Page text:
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As a resident of Western Washington, the stereotype assigned to the “other side” of Washington is a dry, boring one.


As a resident of Western Washington, the stereotype assigned to the “other side” of Washington is a dry, boring one. There would be no reason to cross the mountains unless you were trying to go to Montana. In Western Washington we have a bustling metropolis, beautiful coastal scenery, ports, coffee and rain to last forever.

However, due to my commitment to explore Washington state this summer, my best friend and I decided to take a 1998 silver minivan to a monastery in Goldendale, Washington. The drive went through Fall City: a back-roads city with tavern-like shops bordered by a rolling creek lined with quaint farms. The road going through Fall City then connected to the mountain pass. Following that, rolling hills and valleys of desert appeared as Mount Adams loomed majestically in the distance, stubbornly refusing to shed its glistening white caps.

As we neared our destination, the scenery grew into pine tree wilderness and hills stalked by cattle, horses and sheep. To Seattle natives, any living being that is not the possum in your street dumpster is always an exotic sight.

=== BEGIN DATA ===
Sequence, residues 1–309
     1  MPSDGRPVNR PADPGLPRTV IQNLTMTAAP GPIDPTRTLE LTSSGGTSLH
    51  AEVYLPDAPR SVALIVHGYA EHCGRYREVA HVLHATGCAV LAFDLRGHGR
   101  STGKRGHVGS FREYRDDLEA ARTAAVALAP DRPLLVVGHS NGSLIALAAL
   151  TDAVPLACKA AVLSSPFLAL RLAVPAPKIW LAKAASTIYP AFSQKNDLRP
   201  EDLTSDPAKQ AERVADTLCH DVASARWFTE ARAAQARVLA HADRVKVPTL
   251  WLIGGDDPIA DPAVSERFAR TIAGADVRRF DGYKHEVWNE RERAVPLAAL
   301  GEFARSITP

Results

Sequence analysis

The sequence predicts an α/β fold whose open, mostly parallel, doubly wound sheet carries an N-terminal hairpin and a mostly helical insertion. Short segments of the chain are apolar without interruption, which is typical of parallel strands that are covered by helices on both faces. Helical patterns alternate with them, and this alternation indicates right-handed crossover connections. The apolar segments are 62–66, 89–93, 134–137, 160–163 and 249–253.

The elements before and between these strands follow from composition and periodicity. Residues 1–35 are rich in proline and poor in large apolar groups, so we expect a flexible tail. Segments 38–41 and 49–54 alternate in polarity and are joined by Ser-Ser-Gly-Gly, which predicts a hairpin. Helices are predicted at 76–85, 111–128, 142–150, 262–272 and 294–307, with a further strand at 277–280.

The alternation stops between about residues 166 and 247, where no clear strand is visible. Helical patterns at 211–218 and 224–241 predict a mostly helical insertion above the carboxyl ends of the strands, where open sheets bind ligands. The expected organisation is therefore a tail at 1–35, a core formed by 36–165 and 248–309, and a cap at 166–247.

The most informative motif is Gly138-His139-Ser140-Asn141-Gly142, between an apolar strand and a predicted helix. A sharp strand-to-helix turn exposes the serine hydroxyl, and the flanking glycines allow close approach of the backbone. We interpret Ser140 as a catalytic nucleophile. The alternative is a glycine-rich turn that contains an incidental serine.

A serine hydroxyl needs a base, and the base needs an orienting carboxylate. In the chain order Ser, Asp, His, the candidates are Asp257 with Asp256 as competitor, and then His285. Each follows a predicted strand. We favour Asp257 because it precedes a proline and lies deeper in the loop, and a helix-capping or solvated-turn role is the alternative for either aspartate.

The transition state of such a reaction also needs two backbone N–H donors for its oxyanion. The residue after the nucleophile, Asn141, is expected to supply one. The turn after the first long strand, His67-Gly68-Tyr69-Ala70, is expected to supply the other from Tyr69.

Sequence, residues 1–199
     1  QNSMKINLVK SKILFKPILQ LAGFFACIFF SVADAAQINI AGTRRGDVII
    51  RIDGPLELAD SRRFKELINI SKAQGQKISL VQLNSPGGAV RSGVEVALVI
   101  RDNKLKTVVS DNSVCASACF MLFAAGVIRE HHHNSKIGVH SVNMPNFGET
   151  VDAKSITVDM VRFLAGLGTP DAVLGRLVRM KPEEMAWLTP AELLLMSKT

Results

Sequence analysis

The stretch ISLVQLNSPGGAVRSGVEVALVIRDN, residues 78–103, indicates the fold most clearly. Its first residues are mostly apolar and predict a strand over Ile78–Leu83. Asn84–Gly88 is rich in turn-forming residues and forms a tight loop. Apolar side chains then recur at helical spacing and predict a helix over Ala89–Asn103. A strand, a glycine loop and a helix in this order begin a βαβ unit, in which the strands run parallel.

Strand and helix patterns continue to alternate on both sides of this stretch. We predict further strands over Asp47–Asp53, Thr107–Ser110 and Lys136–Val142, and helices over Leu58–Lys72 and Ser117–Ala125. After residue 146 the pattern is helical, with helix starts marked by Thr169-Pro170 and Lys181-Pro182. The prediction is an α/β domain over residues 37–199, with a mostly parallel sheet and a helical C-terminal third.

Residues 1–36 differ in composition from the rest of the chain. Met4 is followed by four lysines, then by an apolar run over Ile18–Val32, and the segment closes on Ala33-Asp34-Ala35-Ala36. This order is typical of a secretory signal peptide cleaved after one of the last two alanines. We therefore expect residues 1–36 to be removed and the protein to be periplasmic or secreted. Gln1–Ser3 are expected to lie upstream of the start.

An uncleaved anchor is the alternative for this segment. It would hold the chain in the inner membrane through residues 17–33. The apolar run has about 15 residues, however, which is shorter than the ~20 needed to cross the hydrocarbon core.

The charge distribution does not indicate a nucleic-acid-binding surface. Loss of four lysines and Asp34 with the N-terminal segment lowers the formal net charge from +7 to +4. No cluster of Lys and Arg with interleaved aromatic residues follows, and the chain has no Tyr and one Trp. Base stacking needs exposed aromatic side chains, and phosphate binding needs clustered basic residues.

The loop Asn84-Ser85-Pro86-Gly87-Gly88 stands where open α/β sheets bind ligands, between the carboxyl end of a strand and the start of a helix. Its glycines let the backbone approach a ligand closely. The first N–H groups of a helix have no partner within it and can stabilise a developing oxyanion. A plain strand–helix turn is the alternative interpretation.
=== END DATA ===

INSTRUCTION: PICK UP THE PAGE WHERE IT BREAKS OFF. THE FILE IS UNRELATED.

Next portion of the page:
Along a long mountain highway, the monastery appeared sneakily on our left. With a bold and attractive sign advertising the monastery’s bakery, we pulled in and peered through windows at the rows of baked goods made by cheery nuns. Acres of trees, a cemetery, living quarters, a church, goats and chickens are all contributers to the unique experience of the monastery. During the day, the nuns busy themselves by maintaining their property, praying, attending services and welcoming guests. Our trip was peaceful as we attended church, spoke to the nuns and gorged on authentic Greek coffee paired with home-made cheesecake. Clad in black garments, the nuns are humble, yet glowing with joy.

Tearing ourselves away from the peace that so greatly contrasted from our city bustle, we left the next day hesitantly; finding reasons to stay. Enjoying the scenic ride home, we couldn’t help but notice how farm land faded into billboard peppered urban civilization. Which one is better? That’s hard to say. I like to think that a road trip to a pine tree oasis can cure urban-itis as much as a visit to a teeming city can remedy any small town boredom.

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